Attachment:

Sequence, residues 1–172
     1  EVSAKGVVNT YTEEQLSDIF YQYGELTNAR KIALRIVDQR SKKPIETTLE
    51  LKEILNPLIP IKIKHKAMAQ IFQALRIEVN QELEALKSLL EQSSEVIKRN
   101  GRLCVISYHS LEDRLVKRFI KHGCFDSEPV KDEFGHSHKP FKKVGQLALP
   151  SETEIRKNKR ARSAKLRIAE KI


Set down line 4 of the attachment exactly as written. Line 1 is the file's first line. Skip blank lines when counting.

   101  GRLCVISYHS LEDRLVKRFI KHGCFDSEPV KDEFGHSHKP FKKVGQLALP